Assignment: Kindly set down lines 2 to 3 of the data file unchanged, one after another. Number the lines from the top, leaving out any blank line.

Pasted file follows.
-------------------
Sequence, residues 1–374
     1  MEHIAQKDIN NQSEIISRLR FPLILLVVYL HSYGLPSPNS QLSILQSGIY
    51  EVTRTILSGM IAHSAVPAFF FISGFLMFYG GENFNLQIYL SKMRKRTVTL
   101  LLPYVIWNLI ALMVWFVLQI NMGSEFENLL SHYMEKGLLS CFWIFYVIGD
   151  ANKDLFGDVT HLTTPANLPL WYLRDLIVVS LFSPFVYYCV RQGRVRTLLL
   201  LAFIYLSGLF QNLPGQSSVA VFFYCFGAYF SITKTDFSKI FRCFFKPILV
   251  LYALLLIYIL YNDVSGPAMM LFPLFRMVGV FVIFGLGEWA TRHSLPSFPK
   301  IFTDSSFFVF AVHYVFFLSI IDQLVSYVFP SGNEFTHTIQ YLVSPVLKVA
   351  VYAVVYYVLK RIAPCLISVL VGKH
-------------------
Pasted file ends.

     1  MEHIAQKDIN NQSEIISRLR FPLILLVVYL HSYGLPSPNS QLSILQSGIY
    51  EVTRTILSGM IAHSAVPAFF FISGFLMFYG GENFNLQIYL SKMRKRTVTL